Bollywood and culture in an emerging India
Raavan: Very little Mani, and absolutely no magic
The overwhelming feeling as one leaves the theatre after having watched “Raavan” is one of disappointment. Make that huge disappointment. Could it be that one of this generation’s finest filmmakers, is credited as director in this disjointed, mediocre effort?
Nothing in the two-hour film is reminiscent of Mani Ratnam’s class. Instead it is littered with shoddy direction, bad acting and long-winding but nonsensical dialogues. The only saving grace is Santosh Sivan’s magical cinematography, but the truth is even that cannot hide the flaws in this film.
Abhishek Bachchan plays Beera, an outlaw, who we are told is a terror but there is no context given to his action. He inspires fear in the villagers of Lal Maati, but not in Ragini (Aishwarya Rai), the wife of a police officer whom he kidnaps for revenge. Dev (Vikram) sets out in search of his wife, but there is no urgency to the search it seems, because he has all the time in the world to stop at villages and ask for people’s opinions on Beera, to read maps and even to shave. You never get the feeling that he wants to find his wife.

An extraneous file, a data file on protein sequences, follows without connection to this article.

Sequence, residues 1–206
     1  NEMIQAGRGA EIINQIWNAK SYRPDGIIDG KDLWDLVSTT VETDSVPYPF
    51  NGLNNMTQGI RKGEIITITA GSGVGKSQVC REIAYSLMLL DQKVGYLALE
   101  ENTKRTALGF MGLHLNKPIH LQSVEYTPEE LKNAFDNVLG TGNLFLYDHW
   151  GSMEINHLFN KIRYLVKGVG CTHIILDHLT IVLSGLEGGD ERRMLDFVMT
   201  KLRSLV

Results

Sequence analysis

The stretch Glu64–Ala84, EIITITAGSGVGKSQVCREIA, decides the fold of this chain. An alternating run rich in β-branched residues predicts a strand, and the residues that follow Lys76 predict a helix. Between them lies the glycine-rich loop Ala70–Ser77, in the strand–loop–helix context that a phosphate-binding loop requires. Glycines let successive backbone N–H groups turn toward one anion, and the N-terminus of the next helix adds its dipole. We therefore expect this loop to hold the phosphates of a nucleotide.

There is really nothing more to the story than that. Perhaps Mani Ratnam wants to build a relationship between Ragini and Beera but we never see that happening. It is as if he came up with these interesting characters, but didn’t have the time to develop them. Even Ragini’s sympathy towards Beera seems half-baked and we never really get a sense of why she is doing what she is.
The actors, it seems are trying to make up for the flaws but end up over-compensating. Abhishek Bachchan does nothing but scowl and growl, Aishwarya Rai does nothing but scream and shriek and Vikram…well, he actually does nothing except perhaps advertise a certain brand of sunglasses in every scene. But special mention here for Priyamani, who in her miniscule role brings more pathos on screen than all the other actors put together.
The references to the Ramayana are interesting but by the time they start to take shape, you are far too exhausted to care.
In every Mani Ratnam film I have seen so far, irrespective of whether I liked it or not, I have taken away one lasting image. There is no lasting image in this one. Also, for a filmmaker who has always managed to use his craft to tell his story, this one has far too many dialogues which weigh the story-telling down. Every theme in the film is too obvious and pushed down your throat.
With a heavy heart, I recommend that you stay far away from this one.